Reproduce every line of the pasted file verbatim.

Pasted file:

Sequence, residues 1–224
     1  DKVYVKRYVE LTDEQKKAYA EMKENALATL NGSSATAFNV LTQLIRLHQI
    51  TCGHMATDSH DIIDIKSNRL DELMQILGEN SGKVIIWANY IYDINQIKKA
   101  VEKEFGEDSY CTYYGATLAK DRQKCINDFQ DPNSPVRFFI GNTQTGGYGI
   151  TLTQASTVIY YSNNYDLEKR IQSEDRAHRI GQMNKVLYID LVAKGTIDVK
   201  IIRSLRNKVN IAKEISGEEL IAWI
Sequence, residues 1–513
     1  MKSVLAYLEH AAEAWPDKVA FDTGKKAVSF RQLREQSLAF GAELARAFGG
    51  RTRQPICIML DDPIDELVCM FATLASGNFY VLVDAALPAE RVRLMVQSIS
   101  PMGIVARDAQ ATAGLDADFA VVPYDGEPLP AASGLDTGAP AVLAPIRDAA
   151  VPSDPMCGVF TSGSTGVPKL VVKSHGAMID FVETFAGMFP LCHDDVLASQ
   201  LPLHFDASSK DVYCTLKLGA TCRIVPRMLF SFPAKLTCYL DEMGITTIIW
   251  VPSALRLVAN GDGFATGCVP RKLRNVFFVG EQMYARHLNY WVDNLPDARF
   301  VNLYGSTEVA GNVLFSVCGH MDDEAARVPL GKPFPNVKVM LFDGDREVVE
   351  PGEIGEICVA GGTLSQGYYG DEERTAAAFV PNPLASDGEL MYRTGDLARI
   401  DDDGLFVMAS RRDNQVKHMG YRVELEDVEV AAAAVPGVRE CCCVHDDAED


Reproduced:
Sequence, residues 1–224
     1  DKVYVKRYVE LTDEQKKAYA EMKENALATL NGSSATAFNV LTQLIRLHQI
    51  TCGHMATDSH DIIDIKSNRL DELMQILGEN SGKVIIWANY IYDINQIKKA
   101  VEKEFGEDSY CTYYGATLAK DRQKCINDFQ DPNSPVRFFI GNTQTGGYGI
   151  TLTQASTVIY YSNNYDLEKR IQSEDRAHRI GQMNKVLYID LVAKGTIDVK
   201  IIRSLRNKVN IAKEISGEEL IAWI
Sequence, residues 1–513
     1  MKSVLAYLEH AAEAWPDKVA FDTGKKAVSF RQLREQSLAF GAELARAFGG
    51  RTRQPICIML DDPIDELVCM FATLASGNFY VLVDAALPAE RVRLMVQSIS
   101  PMGIVARDAQ ATAGLDADFA VVPYDGEPLP AASGLDTGAP AVLAPIRDAA
   151  VPSDPMCGVF TSGSTGVPKL VVKSHGAMID FVETFAGMFP LCHDDVLASQ
   201  LPLHFDASSK DVYCTLKLGA TCRIVPRMLF SFPAKLTCYL DEMGITTIIW
   251  VPSALRLVAN GDGFATGCVP RKLRNVFFVG EQMYARHLNY WVDNLPDARF
   301  VNLYGSTEVA GNVLFSVCGH MDDEAARVPL GKPFPNVKVM LFDGDREVVE
   351  PGEIGEICVA GGTLSQGYYG DEERTAAAFV PNPLASDGEL MYRTGDLARI
   401  DDDGLFVMAS RRDNQVKHMG YRVELEDVEV AAAAVPGVRE CCCVHDDAED